Colorado's Defensive Front vs. Arizona State's Running Game
Through two games one glaring deficiency has emerged within Colorado's defensive unit. Thus far, the front seven have been gashed for 266 yards rushing by a CSU squad breaking in an entirely new offensive line and opened up for 372 total yards by the UMass Minutemen, a team that ranked at the bottom of the nation in offensive productivity. This wasn't altogether unpredicted, injuries and inexperience pointed to a rough go in Pac-12 play but these factors have proven to be pivotal without even a down of conference football being played.
Last Saturday in Albuquerque Arizona State racked up 423 yards on the ground against the New Mexico Lobos. Four hundred and twenty three. More ominous yet, senior quarterback Taylor Kelly is 29/47 for 430 yards and 3 touchdowns on the season. He can run, too. In order to keep the Sun Devils within shouting-through-a-bullhorn distance on Saturday this defense is going to have to cover gaps quickly, make the first tackle, force a couple of turnovers, and generally play out of their heads.
Against UMass last weekend CU managed only 4 tackles for a loss, highlighted by freshman Timothy Coleman's big sack late in the 3rd quarter. Against Arizona State they don't necessarily need to be swarming the backfield but they will need to bottle up rushes down the gut by D.J. Foster, who can make one cut to a hole and disappear up the field disgustingly quick. Stopping him for a short gain is the equivalent of a tackle for a loss.
Leading out Foster and company will be an offensive line that returns three full-season starters from last year. Junior Nick Kelly has taken over duties at center while guard Christian Westerman is beginning to live up to the recruiting hype that surrounded him when he decided to go to Tempe. So far the interior of their line has had some substantial success, accumulating 351 yards up the middle on 61 attempts. Josh Tupou and Juda Parker will bear the brunt of the Devils' central push. Those two found sporadic success getting to the ball and clogging up lanes last Saturday in New England but come this Saturday they'll have to contend with larger, more athletic interior blockers on their way to the ball carrier. Holding the Sun Devils to 2 or 3-yard gains will be considered a massive win for this defense.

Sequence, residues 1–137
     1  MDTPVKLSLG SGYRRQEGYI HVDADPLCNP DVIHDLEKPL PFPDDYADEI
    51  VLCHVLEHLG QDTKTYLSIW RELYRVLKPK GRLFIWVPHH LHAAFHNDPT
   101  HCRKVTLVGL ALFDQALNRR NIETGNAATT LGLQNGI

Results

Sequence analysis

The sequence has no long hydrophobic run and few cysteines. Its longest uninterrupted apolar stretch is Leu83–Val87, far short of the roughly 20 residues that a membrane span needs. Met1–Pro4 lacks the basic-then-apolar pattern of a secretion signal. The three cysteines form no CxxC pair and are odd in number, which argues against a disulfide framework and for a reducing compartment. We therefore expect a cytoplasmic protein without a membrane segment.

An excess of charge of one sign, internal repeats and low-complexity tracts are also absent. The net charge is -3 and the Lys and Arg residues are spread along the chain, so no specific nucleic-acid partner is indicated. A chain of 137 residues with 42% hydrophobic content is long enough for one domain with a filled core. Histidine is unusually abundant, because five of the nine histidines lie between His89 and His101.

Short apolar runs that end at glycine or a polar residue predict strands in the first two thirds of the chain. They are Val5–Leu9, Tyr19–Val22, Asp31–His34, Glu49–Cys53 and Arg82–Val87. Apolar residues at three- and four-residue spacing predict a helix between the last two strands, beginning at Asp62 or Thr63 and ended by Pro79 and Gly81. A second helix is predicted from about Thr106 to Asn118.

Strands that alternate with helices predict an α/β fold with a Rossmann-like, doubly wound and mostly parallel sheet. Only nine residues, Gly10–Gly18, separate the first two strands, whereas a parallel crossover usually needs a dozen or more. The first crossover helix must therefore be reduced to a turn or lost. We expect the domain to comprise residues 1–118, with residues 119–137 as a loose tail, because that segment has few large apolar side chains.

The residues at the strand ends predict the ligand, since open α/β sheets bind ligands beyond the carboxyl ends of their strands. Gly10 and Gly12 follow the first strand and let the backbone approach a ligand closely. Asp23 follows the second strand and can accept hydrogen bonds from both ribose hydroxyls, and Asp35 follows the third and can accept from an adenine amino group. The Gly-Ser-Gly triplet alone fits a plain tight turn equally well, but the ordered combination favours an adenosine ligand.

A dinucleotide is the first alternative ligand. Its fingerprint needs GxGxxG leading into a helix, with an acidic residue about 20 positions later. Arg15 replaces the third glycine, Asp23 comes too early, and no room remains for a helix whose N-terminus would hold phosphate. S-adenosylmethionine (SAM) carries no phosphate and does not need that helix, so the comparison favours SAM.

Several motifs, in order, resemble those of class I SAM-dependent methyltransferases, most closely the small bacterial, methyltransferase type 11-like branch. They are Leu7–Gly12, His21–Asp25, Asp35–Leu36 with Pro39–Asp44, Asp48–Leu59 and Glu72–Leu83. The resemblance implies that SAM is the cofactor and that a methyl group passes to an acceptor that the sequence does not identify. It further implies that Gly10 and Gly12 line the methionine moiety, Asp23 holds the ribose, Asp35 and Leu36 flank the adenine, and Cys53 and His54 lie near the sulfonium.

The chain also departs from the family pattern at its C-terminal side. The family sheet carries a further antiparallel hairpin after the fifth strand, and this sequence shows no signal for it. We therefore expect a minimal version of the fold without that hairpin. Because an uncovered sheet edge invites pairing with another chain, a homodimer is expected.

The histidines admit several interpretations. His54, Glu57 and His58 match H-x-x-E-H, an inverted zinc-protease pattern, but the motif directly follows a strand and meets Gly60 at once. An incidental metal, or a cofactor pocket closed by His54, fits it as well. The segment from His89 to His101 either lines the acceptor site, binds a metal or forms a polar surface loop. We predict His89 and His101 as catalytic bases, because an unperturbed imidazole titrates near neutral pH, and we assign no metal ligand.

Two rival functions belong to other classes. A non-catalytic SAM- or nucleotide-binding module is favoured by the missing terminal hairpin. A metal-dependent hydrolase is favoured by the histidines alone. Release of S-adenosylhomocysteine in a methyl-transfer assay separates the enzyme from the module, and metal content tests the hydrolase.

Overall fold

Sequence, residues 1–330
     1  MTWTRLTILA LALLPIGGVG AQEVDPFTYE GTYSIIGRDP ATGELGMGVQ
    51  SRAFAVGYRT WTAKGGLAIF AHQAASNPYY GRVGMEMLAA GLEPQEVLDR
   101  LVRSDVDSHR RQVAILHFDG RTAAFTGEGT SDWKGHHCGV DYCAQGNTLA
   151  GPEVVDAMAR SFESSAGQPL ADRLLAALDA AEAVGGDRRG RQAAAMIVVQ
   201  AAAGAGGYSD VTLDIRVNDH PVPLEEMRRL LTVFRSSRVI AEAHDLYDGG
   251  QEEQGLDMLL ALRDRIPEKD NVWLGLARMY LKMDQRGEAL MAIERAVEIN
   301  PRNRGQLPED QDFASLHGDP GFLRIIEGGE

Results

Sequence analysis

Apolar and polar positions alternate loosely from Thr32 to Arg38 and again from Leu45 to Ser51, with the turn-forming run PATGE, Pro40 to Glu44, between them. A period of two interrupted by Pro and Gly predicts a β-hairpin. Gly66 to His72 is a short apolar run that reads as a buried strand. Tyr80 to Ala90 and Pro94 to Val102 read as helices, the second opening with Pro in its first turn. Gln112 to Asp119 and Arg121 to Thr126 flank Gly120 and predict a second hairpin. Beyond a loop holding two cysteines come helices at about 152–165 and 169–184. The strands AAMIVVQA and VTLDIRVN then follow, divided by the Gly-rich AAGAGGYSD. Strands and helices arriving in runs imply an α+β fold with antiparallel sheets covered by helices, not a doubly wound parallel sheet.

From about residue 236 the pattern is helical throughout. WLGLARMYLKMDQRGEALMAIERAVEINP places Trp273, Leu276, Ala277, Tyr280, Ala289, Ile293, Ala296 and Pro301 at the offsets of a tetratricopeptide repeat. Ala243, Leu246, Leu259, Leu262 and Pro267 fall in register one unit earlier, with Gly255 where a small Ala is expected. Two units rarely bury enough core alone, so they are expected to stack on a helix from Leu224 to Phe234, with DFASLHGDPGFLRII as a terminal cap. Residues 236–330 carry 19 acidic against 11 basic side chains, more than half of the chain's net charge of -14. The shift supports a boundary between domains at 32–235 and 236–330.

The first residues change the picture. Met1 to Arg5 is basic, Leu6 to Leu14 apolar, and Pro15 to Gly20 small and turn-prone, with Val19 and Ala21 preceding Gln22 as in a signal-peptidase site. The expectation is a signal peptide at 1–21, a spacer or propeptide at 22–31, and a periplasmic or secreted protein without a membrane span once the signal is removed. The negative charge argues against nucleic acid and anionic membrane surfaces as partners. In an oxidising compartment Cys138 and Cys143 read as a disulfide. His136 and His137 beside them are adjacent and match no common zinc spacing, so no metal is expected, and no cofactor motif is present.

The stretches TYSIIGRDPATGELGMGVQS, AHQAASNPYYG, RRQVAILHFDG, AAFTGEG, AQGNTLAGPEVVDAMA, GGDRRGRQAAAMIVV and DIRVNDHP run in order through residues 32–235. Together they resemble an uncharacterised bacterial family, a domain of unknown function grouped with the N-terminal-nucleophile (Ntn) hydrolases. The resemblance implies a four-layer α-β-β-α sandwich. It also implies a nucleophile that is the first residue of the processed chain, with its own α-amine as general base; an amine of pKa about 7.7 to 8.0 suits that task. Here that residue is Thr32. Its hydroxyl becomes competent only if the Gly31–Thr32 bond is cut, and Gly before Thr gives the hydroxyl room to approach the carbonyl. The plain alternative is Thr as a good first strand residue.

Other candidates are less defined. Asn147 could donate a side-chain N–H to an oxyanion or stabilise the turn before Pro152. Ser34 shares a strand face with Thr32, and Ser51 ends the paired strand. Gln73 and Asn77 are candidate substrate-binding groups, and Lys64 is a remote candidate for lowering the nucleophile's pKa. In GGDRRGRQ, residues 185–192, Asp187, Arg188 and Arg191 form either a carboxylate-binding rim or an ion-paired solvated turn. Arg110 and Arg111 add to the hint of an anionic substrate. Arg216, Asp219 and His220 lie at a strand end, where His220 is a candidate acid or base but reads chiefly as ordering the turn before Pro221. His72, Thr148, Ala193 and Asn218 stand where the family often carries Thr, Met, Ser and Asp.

On the outside, Derek McCartney will have his hands full attempting to get off the left edge on all-conference senior tackle Jamil Douglas. He'll be targeted quite a bit as Foster favored that direction heavily last week amassing 103 yards running to his left. It's likely that ASU will also attempt to overwhelm the right side going at Colorado's revolving door of freshman and sophomore ends. De'Jon Wilson, Jimmie Gilbert, and Christian Shaver are going to have to find a way to get around ASU's veteran linemen and create some semblance of containment or else a repeat of last week's gaudy rushing totals will be very much in play.
Best case scenario
The Buffs limit the number of times that Sun Devil running backs reach the second level through the middle, helping out their linebackers and secondary while keeping the game relatively close. Ultimately, Colorado doesn't have the bodies or the skill yet to consistently generate enough pressure to disrupt and withstand an offense as dynamic as Arizona State's. I think most CU fans will, at the least, be happy to see incremental improvement in defensive execution and a relatively close game going into the second half.